From hence we pass into the Parterre, where, on the right-hand, we have the Prospect of the Corinthian Arch (mentioned before), and on the left, the House.

In the ażjoining Wood,

A Doric Arch, standing on an Eminence, accompanied with the Statues of Apollo and the Nine Muses, forms an Entrance into a very pleafing Scene.

Through the Arch is seen the Palladian Bridge, and a Castle on the opposite Hill.

The Temple of ANCIENT VIRTUe, is a Rotunda of the Ionic order, by Mr. Kent'; on the Outside, over each Door, is this Motto:

Priscæ Virtuti. To Ancient Virtue. And in four Niches within, are the Statues of Lyo curgus, Socrates, Homer, and. Epaminondas.

CAPTAIN GRENVILLE's MONUMENT, being a Naval Column erected by the late Lord COBHAM, in honour of Captain GRENVILLE, upon the top of which Heroic Poetry holds in her Hand a Scrolt, with

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Non nifi Grandia canto.
Heroic Deeds alone


Upon the Plinth and on the Pedestal are the follow-
ing Inscriptions :

The Muse forbids Heroic Worth to die.

Sororis fuæ Filio,

Qui navis Præfectus regiæ,
Ducente claffem Britannicam Georgio Anson,
Dum contra Gallos fortiffimè pugnaret,
Dilaceratæ navis ingenti fragmine

Femore graviter percusso,
Perire, dixit moribundus, omnino fatias effe,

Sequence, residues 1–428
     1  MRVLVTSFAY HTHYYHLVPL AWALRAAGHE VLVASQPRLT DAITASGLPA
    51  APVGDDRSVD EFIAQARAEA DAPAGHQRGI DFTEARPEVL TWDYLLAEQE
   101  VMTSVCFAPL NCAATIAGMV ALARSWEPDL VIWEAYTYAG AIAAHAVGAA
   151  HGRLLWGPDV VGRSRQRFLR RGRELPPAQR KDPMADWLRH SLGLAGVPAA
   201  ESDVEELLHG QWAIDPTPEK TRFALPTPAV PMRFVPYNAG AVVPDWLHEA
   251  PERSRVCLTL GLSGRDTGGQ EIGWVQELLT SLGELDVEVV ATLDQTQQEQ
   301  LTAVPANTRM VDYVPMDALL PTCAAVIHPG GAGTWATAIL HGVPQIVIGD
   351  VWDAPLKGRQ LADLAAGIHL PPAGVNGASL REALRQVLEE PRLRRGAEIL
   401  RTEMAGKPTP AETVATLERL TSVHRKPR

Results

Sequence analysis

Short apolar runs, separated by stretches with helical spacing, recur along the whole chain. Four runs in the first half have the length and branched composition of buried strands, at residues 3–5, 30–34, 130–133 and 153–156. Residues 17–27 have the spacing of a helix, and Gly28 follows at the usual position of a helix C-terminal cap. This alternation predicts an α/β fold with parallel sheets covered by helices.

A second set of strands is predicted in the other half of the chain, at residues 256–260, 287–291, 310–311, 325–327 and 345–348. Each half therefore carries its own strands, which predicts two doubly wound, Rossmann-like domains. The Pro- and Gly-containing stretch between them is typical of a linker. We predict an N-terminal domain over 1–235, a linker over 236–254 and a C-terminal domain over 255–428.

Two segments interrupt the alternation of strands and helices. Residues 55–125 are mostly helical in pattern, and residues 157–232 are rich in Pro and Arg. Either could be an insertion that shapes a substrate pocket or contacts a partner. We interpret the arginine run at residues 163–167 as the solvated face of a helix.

Quam inertiæ reum in judicio fifti;

Columnam hanc roftratam
Laudans & mærens posuit

Insigne virtutis, eheu! rarifimæ

Exemplum habes;

Ex quo discas,
Quid virum præfe&turâ militari ornatum


That is,.“ To the Son of his Sister, Thomas Gren.
ville, who being Captain of one of his Majesty's Ships,
under the command of Admiral Anson, while he va.
liantly fought against the French, and was mortally
wounded in the Thigh, declaring in his last Moments,
that it was better to suffer, than to be tried for Cowar.
dice, COBHAM, expresling at once his approbation and
regret, erected this roftrated Column. This is, alas!
an example of courage too seldom found, from whence
we may learn how it becomes a Commander to behave."

From this Column we have a moft beautiful View
of the British Worthies, of the Temple of Ancienc
Virtue, and of the Elysian Fields.
Here we cross the Serpentine River, over the Shell-